This is how Bloomberg reported one of the biggest stories of the year, “JPMorgan Leads U.S. Banks Lending Least Deposits in 5 Years“—and got it backwards:
The biggest U.S. banks including JPMorgan Chase & Co. and Citigroup Inc. are lending the smallest portion of their deposits in five years as cash floods in from savers and a slow economy damps demand from borrowers.
The average loan-to-deposit ratio for the top eight commercial banks fell to 84 percent in the fourth quarter from 87 percent a year earlier and 101 percent in 2007, according to data compiled by Credit Suisse Group AG. Lending as a proportion of deposits dropped at five of the banks and was unchanged at two, the data show.
Consumers and companies are reluctant to take on risk until they see more signs that business is improving, even as the Federal Reserve maintains near-record low interest rates designed to fuel growth. Putting more of the unused money to work could boost profit and help turn around the U.S. economy, whose 0.1 percent annualized drop in the fourth quarter was its worst showing since 2009.
These deposits aren’t about people taking cash out of mattresses and depositing it in the banks. This story should not be about the banks not lending, because that’s not true. They are. They have been growing loans at a measured pace between 3.5% and 5% a year since 2011. That is absolutely consistent with the growth of the economy, and dare I say, the potential growth of the economy. The story is not that loan growth is not keeping up with deposit growth. It’s that deposits are growing too fast for the economy. That’s dangerous, and the Fed is directly responsible.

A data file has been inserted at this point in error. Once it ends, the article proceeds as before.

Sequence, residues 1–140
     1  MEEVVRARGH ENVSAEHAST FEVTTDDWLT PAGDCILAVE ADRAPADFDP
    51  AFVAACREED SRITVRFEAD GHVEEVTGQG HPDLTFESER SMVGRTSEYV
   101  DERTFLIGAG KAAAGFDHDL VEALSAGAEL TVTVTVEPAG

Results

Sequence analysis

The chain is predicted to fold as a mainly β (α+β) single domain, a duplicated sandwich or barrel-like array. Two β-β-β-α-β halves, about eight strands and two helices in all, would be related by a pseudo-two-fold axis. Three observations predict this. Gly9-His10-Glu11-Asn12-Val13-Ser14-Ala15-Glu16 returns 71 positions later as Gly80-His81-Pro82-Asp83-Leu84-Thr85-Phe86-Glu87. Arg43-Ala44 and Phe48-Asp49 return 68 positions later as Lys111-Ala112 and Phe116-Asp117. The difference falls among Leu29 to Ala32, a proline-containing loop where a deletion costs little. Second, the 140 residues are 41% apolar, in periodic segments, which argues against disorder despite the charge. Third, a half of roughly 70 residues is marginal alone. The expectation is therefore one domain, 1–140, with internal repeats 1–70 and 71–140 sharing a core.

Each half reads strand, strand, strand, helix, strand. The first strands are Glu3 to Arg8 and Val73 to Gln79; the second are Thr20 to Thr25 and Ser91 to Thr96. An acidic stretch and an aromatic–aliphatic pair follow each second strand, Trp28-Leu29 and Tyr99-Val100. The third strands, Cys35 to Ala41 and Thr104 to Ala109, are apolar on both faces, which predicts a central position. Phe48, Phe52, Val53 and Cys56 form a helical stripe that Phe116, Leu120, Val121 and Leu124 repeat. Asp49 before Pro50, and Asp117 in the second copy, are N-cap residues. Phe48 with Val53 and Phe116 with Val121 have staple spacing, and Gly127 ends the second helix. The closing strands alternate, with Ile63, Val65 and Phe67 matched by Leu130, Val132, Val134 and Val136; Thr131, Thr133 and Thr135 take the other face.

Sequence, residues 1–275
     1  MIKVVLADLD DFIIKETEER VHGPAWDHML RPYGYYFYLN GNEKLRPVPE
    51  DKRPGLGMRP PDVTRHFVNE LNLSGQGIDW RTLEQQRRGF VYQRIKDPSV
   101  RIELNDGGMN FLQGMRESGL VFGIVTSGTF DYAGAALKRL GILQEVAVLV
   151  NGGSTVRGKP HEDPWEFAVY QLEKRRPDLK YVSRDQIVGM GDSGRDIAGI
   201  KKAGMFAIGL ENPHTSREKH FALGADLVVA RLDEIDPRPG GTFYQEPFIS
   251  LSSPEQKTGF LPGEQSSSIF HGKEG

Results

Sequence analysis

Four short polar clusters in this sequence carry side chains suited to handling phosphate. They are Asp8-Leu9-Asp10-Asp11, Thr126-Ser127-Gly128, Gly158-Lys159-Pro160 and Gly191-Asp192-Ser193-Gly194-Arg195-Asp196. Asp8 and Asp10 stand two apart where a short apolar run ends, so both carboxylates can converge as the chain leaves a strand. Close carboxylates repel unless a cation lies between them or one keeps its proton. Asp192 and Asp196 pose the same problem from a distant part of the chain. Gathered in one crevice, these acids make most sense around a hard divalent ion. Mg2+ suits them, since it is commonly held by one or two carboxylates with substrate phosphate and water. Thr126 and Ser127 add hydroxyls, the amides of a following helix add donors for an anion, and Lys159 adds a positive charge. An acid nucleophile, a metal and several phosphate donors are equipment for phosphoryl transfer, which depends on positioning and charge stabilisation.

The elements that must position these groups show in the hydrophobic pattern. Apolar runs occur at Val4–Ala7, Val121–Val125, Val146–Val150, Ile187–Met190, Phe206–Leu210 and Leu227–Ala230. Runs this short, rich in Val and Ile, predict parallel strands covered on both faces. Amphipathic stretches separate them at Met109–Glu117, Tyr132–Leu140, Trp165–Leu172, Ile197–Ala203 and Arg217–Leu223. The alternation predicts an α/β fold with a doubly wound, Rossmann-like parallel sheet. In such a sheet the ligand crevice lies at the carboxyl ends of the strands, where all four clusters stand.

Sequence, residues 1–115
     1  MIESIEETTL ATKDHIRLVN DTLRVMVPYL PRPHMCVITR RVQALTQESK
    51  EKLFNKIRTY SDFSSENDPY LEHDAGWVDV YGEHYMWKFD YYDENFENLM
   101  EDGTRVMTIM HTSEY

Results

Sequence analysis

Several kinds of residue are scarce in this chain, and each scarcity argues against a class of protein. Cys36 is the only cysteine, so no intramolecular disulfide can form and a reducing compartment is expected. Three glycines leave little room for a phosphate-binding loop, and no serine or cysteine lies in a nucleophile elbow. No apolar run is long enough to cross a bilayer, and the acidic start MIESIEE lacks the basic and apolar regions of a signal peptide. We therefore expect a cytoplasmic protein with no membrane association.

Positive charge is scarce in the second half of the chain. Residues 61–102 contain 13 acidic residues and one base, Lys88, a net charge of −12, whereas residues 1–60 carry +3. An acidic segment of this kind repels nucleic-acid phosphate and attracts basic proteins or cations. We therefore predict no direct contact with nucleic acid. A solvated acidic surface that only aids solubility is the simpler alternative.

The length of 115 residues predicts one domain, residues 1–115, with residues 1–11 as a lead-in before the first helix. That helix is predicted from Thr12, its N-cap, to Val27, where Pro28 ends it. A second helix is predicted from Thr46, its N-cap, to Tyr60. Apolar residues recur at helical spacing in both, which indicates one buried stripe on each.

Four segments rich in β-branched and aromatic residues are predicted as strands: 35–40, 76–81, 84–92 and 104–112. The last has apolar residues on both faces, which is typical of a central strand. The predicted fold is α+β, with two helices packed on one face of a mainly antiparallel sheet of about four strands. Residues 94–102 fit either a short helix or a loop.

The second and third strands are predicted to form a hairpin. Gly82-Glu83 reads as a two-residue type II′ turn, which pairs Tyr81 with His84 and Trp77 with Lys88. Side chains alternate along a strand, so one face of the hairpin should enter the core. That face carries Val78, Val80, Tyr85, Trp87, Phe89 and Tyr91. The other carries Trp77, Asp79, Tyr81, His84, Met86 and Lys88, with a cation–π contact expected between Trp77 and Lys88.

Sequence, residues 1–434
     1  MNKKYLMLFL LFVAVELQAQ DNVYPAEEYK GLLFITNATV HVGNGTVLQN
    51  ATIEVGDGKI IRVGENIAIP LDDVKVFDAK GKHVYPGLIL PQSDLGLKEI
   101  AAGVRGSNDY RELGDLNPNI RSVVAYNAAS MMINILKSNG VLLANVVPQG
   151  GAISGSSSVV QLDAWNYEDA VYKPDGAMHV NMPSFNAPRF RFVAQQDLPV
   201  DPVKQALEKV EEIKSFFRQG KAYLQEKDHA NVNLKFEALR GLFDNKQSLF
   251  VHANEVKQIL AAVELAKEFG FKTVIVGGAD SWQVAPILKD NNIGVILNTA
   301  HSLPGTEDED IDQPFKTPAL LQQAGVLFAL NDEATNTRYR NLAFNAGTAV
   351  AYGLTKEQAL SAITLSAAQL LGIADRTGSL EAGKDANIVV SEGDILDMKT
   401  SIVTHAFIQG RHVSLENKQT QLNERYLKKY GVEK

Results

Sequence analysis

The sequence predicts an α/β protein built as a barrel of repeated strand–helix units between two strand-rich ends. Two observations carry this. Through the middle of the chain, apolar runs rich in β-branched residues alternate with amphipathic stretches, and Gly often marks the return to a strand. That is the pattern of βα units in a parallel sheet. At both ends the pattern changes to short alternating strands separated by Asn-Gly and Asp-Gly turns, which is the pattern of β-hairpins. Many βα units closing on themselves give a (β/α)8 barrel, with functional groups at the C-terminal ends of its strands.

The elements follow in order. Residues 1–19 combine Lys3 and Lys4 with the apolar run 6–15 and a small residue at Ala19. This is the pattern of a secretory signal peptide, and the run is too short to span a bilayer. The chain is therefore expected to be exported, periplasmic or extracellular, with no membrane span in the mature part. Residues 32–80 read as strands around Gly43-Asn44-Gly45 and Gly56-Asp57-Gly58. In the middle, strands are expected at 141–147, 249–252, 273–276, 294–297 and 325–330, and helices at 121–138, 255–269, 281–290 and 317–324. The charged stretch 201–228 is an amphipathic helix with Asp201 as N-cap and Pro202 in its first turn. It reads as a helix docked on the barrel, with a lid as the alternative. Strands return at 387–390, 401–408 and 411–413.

Bloomberg actually reported the real story it but buried it in a single line midway through the report.
At the same time, total deposits also reached a five-year peak of $5.04 trillion, according to the data, leaving hundreds of billions of dollars of potential fuel unused.
Needless to say they left out a lot and misinformed readers that savers were flooding bank accounts. That seemed to imply that the source of deposit growth is either the nation’s mattresses or maybe thin air, when the truth is that there’s only one major source for the rapid growth: the Fed. That’s the big story. The Fed is blowing a deposit bubble. If history is any guide, that will inevitably result in more–and more dangerous– capital misallocation, in other words, more and bigger bubbles. That’s always where too much, excessively easy, money leads.
The Fed has been buying $115-$120 billion of MBS and Treasuries from the Primary Dealers each month and will continue to do that until it ends or modifies this program. It buys those securities by crediting the dealers’ accounts at the Fed. That is the absolute genesis of central bank fiat money. Abracadabra- $2 billion to the account of Goldman Sachs! The dealers almost immediately move those funds into their deposit accounts at their affiliated bank under the same corporate umbrella or they transact business and trade with counterparties, whereupon the money gets deposited in the counterparty banks. That’s how the Fed creates deposits.
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